Cheers, Paul

    • Thanks again Paul. To be honest i didn’t think this last post was very well written; I knocked her out in a couple of hours, but thanks for the encouragment. I find that stuff just comes back to me when writing up a trip and pictures are obviously a great mnemonic cue!

      I think julian Hoffman has also written something about the transhumance recently. I was constantly amazed by the spectacle of those vast roving herds rolling out along the high mountain meadows during our summertime visits to Transylvania. I was always really impressed by the shepherds that we met as well. Living outside for weeks and months on end definitely does something to people…

      Tents, yes, we borrowed a friend’s lovely North Face westwind tent for the winter trips and I have to say that it was excellent and relatively light for a robust tent that I would certainly trust in winter conditions up to 2000m. The green tent is a common or garden Terra Nova Voyager, which I think is great for all year round in the UK, but I wouldn’t risk it in the winter high up anywhere with big, big mountains. I’m on my third Voyager in 12 years. I’m not a fan of the teeny-weeny tent as i like to have a bit of space if the weather’s bad otherwise I’d find the experience miserable. I do think it’s a good idea to be properly equipped for trips, but I think that being in good physical condition – reasonably fit, not carrying any injuries – and knowing how to take on what you’re taking on is arguably more important than having the latest kit and shaving off grams here and there. I’ve always gone in for carrying plenty of food and the fresher the better where possible. Obviously if you’re doing a five day+ trip, you can’t be carrying too much fresh stuff, but I feel that plenty of good food is a priority for me when I’m making a big physical effort. Fast metabolism!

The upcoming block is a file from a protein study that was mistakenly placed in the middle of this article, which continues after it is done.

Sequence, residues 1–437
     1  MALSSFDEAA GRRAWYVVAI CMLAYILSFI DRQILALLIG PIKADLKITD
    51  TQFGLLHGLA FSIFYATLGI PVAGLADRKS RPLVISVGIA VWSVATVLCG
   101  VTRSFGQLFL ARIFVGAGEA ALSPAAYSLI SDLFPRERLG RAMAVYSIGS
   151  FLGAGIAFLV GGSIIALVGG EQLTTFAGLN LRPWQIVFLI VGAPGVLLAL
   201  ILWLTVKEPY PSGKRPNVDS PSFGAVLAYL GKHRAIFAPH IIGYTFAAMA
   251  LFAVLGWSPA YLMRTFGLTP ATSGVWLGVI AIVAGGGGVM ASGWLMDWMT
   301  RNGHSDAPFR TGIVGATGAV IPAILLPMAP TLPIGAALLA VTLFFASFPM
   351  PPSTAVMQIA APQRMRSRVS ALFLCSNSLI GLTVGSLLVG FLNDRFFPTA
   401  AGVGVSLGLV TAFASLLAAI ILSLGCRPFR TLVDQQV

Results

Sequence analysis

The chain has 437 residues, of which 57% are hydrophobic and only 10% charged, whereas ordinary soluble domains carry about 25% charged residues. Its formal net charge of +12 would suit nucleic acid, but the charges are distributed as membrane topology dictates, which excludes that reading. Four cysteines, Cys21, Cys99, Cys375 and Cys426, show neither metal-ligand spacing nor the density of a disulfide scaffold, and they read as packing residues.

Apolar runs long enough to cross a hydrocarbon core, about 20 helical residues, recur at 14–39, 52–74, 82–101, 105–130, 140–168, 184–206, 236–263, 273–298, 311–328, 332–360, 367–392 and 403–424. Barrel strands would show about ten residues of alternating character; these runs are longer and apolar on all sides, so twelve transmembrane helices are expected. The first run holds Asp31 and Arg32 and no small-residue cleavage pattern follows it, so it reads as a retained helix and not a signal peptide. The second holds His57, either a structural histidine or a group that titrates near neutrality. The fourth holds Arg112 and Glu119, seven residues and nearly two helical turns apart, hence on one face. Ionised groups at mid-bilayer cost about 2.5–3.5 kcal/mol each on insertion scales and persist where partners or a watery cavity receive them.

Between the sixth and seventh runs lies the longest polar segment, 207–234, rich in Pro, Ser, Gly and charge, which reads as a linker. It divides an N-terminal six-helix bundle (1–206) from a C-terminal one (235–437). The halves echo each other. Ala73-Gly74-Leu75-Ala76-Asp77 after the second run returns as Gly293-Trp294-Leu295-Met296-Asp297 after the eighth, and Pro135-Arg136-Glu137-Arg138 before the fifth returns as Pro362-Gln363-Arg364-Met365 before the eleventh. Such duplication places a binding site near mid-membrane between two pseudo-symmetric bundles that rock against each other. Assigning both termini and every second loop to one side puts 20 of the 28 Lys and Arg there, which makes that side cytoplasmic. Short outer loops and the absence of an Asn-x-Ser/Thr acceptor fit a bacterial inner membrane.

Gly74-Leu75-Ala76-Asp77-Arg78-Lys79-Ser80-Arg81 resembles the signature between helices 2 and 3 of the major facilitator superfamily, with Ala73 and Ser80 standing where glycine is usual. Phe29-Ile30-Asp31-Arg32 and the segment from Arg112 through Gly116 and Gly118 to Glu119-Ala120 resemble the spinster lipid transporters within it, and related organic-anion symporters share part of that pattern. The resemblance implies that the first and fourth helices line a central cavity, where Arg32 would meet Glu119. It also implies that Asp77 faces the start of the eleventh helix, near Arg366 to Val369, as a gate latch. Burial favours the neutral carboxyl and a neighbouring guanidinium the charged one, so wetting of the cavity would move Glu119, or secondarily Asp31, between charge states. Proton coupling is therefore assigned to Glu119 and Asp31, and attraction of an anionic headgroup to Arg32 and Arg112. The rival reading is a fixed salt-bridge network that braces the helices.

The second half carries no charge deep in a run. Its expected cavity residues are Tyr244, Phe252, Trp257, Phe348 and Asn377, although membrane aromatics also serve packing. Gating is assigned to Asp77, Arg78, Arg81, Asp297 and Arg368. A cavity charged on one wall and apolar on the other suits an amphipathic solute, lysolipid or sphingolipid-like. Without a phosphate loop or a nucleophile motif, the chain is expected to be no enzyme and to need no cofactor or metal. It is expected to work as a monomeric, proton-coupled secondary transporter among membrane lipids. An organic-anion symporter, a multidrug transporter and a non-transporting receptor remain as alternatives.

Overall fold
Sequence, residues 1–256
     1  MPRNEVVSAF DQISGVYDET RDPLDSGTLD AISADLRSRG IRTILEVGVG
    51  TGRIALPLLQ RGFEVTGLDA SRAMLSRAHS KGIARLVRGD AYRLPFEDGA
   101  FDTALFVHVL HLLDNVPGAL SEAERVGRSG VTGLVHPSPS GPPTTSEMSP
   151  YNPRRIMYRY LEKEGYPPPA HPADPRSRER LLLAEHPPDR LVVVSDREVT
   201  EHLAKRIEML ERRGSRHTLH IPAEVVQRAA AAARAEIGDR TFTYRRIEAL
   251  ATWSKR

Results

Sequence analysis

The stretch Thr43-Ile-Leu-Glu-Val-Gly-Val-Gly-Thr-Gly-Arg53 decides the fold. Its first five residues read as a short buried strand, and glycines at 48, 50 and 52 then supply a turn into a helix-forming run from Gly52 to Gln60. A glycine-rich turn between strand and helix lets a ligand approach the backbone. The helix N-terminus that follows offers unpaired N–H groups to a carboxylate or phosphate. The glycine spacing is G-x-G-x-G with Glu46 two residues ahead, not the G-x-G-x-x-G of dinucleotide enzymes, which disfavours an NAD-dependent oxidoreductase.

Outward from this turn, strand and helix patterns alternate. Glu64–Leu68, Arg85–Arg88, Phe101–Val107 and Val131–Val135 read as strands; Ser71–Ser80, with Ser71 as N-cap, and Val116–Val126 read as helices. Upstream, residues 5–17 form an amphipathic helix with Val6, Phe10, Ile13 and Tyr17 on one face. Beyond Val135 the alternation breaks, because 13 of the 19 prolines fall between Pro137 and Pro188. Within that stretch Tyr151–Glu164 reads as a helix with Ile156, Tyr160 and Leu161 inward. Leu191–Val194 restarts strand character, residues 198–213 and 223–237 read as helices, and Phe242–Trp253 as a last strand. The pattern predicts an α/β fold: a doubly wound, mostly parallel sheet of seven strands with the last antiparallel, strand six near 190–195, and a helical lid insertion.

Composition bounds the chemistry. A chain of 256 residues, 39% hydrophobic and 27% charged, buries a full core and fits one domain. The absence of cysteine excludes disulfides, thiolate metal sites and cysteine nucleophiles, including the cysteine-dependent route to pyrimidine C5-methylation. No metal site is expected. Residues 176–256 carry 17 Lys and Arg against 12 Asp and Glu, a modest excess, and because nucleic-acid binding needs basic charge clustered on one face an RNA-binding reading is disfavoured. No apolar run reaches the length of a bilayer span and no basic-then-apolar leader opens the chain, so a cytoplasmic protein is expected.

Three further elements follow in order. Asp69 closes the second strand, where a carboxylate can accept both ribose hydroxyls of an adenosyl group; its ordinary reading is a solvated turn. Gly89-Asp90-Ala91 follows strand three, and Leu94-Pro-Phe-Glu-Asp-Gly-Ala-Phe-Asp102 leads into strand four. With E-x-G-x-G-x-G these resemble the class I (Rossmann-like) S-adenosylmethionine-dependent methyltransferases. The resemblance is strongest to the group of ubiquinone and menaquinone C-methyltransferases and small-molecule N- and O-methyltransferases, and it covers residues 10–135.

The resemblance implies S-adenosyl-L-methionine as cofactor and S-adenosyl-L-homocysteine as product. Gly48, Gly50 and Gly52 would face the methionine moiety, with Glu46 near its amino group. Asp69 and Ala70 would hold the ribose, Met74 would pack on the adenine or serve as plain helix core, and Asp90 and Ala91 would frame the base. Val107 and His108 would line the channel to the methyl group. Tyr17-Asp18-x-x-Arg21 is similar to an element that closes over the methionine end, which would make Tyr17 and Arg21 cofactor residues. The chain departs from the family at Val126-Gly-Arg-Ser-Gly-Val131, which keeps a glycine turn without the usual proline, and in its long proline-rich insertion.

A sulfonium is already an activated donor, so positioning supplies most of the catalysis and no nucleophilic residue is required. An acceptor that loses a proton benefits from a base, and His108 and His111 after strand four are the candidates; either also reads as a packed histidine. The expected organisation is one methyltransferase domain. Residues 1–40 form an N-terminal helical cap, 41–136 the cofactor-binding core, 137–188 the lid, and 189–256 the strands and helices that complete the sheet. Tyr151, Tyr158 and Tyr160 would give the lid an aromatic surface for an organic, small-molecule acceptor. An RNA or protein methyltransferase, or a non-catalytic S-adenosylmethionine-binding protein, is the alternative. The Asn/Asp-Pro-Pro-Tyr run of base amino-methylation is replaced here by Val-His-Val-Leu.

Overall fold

Everyone approaches the business of walking/trekking etc in their own sweet way and full respect to each and everyone.

      Anyway, thanks again for your interest Paul.

  4. I suppose it depends on what you mean by good. This article had a lot more detail on the various peaks in the area and the terrain associated with getting up and down them. You have made it interesting and informative at the same time so will be useful to anyone planning a trip to the area. I have linked it on twitter too, so hopefully I can drive a bit of traffic your way 🙂 Are you on twitter? It would be good if you could add a share button at the end of your pages which would make it simpler to share with lots of friends with similar interests. Just an idea 🙂 Getting back to the maps, do you mind me asking which ones you used? We are spoilt in the UK for good quality OS maps in different scales, but unfortunately this is not the case in RO.